Wednesday, May 29, 2013


Acts 28:7-10  Now in the neighborhood of that place were lands belonging to the leading man of the island, named Publius, who received us and entertained us hospitably for three days. It so happened that the father of Publius lay sick in bed with fever and dysentery. Paul visited him and cured him by praying and putting his hands on him. After this happened, the rest of the people on the island who had diseases also came and were cured. They bestowed many honors on us, and when we were about to sail, they put on board all the provisions we needed.

Paul is under arrest, being transported from Jerusalem for trial in Rome, when his ship is wrecked on the island of Malta. Today there is an inlet called St Paul’s Bay which tradition locates as the site of this shipwreck.  A leader of this community is cured by Paul’s prayers, and they end up staying three months on this island.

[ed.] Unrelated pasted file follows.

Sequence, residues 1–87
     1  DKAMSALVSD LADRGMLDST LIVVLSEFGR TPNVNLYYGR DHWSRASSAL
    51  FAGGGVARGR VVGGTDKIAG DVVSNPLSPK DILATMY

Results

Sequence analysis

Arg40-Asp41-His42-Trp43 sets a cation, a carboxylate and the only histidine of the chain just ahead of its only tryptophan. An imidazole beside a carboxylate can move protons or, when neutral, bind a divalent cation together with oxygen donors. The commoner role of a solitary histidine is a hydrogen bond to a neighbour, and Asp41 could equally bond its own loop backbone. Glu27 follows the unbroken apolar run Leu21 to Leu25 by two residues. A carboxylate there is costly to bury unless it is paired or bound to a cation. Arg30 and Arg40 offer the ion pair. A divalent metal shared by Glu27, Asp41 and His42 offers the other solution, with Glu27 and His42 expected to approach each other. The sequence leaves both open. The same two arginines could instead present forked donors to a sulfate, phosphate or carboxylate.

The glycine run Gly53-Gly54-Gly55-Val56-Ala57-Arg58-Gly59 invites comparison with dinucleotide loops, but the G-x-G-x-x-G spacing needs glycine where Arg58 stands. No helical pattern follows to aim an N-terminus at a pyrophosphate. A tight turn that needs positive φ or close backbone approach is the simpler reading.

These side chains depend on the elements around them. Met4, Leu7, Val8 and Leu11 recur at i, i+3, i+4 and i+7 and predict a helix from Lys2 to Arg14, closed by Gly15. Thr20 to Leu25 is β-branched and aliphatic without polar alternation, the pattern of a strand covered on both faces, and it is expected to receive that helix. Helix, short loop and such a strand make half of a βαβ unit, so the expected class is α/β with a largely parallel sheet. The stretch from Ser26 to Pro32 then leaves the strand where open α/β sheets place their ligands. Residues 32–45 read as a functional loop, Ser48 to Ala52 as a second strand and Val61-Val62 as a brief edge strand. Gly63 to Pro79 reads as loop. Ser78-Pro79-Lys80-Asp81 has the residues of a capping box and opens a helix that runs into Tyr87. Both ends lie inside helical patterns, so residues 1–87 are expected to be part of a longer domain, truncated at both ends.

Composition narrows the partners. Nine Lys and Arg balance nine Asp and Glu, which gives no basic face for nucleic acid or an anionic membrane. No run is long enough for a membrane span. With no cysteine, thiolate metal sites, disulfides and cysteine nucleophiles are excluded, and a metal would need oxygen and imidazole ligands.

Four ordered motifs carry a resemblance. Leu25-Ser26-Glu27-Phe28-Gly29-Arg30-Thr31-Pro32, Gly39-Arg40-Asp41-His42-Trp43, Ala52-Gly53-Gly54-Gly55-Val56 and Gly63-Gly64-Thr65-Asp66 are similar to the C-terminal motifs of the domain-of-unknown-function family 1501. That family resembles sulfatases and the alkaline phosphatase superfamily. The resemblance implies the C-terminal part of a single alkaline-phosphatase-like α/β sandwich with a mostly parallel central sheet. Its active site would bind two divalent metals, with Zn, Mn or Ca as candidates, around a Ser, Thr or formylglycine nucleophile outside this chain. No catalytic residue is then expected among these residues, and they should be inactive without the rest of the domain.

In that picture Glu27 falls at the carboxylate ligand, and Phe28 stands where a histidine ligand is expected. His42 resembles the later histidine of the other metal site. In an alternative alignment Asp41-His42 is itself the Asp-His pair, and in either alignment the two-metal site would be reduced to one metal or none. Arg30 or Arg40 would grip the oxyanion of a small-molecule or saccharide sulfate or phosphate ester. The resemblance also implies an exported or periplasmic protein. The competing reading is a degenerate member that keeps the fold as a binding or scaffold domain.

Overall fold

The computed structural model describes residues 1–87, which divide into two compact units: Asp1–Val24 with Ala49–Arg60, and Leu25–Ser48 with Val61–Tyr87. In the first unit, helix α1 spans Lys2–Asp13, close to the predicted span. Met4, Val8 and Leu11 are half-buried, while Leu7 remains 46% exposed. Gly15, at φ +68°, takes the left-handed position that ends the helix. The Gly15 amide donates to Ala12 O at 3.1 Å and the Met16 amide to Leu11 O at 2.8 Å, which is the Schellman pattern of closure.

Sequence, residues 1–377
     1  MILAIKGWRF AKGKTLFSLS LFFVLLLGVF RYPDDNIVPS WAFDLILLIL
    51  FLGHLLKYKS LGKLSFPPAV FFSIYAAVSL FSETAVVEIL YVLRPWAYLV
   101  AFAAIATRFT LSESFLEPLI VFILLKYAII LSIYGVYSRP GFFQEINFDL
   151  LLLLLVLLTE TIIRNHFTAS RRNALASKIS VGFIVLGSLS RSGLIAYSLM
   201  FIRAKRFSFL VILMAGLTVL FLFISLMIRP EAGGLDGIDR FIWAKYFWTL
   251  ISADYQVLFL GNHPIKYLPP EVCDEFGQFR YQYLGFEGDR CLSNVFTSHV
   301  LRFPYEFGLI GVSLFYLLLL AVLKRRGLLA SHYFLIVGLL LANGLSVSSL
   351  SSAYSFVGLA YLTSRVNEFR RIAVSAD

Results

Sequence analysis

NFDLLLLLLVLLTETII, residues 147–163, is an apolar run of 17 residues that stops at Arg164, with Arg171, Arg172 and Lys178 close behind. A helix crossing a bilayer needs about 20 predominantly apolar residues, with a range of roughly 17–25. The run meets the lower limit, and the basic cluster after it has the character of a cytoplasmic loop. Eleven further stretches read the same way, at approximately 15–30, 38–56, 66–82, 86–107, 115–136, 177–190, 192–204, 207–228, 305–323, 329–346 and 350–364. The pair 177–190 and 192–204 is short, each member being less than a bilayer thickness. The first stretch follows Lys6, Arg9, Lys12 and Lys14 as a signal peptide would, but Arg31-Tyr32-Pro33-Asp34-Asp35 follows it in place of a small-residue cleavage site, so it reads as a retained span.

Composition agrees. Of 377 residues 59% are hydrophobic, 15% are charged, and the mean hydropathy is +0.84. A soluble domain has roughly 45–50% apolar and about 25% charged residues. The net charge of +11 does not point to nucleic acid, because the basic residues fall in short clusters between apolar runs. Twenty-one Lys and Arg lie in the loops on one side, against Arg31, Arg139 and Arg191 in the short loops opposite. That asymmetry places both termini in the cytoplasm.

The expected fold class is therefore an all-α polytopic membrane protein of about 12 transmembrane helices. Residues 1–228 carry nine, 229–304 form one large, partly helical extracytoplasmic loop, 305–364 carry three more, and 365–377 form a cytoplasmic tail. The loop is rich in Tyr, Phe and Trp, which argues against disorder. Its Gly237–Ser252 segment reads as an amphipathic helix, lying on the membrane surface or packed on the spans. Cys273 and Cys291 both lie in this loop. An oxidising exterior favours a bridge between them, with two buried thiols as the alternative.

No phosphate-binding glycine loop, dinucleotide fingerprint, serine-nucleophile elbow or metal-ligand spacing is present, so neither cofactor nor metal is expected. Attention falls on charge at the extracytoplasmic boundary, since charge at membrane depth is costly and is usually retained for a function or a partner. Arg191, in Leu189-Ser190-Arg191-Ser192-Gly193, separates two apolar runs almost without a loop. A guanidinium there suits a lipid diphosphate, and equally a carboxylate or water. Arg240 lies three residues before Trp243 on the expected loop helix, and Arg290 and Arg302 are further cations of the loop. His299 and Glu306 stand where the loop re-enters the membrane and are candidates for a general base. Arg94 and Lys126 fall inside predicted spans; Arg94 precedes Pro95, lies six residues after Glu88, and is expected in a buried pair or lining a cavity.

What is remarkable is Paul’s generous spirit. He has been arrested, unfairly accused, imprisoned, shipwrecked, and just as the survivors haul themselves onto the beach – he is bitten by a snake![1]  Yet, instead of using the moment to plead his case before an important leader, he visits his home and prays for his health.

The question raised by this passage asks whether we are so wrapped up in our own misery that we do not see the needs of others. An ego-centred world will blind us to the suffering of people around us. The Christian response is always one that puts injustice and suffering in our community ahead of personal desires.

Talk about suffering here below
And let's keep a-loving Jesus.
Talk about suffering here below
And let's keep a-following Jesus.
(Greg Graffin)


First Sunday after Trinity
31 Mercy, Justice and Love
The Scripture passage for the day is drawn from Reuben Job and Norman Shawchuck, A Guide to Prayer for Ministers and other Servants, (Nashville, The Upper Room 1983), 197.
This reflection is from my own devotional exercises for the day.


[1] Acts 28:6

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